The generally accepted wisdom in fiction, particularly in novels involving action and crime, is to keep turning the screws on the main characters, tighter and tighter, until the reader can’t imagin
“For any who love Ludwig von Beethoven’s music, this novel is a must for its biography. For everyone else, it’s a great mystery story set against a background of actual history.”
Some titles capture the book’s contents well. This is one of them, as the whole murder mystery revolves around being an English gentleman in 1924.
“The Pharaoh Key is a bouncing, page-turning camel ride across an exotic landscape we thought had been left behind a century ago . . .”
“Nobody blends together suspense, technology, science fiction, and fantasy, and converts it to an almost unbearably exciting adventure story like Preston and Child.”
How does one review a book with no ending?
Hundreds of white-hot meteor fragments plunge toward earth near Monterey Bay, California.
“a sometimes lonely, definitely dispassionate, journey through the mind of a man who always gets what he wants, no matter the sacrifice.”
Nine chapters into a crime novel by an author you might not have heard of before, a guy is driving home in the early morning from his job at a gas station out on the highway.
“a terrifying look into the life of a police officer more personally involved in a case than she’d like to be”
The election of Donald Trump as America’s president has shed new light on something called the “deep state.” This term, which was first widely used in the case of the Republic of Turkey, specifical
David Baldacci is one of the heavyweights of the bestseller business, with over 30 novels published in more than 45 languages in more than 80 countries, with over 110 million copies in print.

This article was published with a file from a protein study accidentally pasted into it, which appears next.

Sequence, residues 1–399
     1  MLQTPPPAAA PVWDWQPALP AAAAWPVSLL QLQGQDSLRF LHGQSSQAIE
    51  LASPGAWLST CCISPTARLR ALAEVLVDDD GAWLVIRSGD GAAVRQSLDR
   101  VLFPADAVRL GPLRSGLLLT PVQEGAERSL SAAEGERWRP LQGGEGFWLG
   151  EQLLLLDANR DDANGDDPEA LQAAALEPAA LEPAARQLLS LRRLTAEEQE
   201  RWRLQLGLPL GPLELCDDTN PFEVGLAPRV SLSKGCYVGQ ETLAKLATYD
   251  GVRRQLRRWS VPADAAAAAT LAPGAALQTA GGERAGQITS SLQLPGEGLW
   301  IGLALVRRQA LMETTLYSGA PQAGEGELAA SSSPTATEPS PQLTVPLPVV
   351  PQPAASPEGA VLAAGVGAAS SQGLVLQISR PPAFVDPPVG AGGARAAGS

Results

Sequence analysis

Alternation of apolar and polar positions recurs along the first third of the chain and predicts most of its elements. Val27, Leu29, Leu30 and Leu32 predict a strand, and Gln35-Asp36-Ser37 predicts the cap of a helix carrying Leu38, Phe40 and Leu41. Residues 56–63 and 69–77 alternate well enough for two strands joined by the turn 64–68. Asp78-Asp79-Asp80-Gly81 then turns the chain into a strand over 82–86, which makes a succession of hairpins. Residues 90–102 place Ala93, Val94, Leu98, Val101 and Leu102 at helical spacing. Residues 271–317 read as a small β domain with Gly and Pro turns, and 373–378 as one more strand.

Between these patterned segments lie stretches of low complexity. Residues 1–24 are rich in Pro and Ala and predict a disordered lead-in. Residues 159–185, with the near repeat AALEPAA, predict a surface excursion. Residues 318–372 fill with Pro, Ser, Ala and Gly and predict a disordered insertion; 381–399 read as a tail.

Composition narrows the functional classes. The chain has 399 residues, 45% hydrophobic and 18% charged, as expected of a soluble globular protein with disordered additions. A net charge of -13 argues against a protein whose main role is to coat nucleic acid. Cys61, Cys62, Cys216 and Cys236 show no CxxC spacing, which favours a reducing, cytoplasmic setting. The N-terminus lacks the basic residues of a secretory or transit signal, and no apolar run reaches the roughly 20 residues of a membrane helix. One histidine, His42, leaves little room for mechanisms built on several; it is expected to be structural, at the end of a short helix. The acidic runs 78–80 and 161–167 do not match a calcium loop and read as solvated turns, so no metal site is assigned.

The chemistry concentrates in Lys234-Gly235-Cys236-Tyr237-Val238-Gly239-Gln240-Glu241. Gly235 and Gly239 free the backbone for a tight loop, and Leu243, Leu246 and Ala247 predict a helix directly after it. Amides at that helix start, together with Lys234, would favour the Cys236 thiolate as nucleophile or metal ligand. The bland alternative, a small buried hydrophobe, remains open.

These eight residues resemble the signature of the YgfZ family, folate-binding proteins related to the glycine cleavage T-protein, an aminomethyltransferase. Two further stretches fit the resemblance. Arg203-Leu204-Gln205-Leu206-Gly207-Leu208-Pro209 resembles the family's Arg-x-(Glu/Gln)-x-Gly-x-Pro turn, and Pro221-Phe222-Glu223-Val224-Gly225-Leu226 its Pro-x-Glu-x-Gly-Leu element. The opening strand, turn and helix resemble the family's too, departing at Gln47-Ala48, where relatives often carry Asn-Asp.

“the most frightening book to be published this year . . . Lizzie Borden . . . reminds one that the scariest monster is always a human one.”
“Perhaps the critics who vigorously bash Dan Brown and will instantly trash Origin, with or without reading it, should gently but firmly remove the hockey stick from their posterio
Fiction writers exist in their imagination as they search for ideas to put into a novel. Liza Cole, with one bestseller to her credit, is frustrated with her editor.
When three American GIs stationed in South Korea during the 1970s go missing, Army Criminal Investigation Division Sergeants George Sueño and Ernie Bascom hear rumors that their disappearances are
“a taut thriller, with two strong lead characters who’ll hold the reader’s interest.”
San Diego-based private investigator Roland Ford has a special talent for finding people, and in The Room of White Fire, T.
“a gripping thriller with a sympathetic and determined main character with whom readers can empathize . . .”
". . . the nonlinear narrative style takes a long time to arrive at whodunit, howdunit, and why."
“wonderful, wonderful . . .”
“highly entertaining and easy to read. . . . despite its length and sheer poundage in paperback is unputdownable. Bravo . . .”
“We can only hope that Bouman has enough creative capital . . . to produce a better effort next time around.”
“fun and entertaining detective novel . . .”
“The Girl Who Knew Too Much is a fun, spunky, read . . .”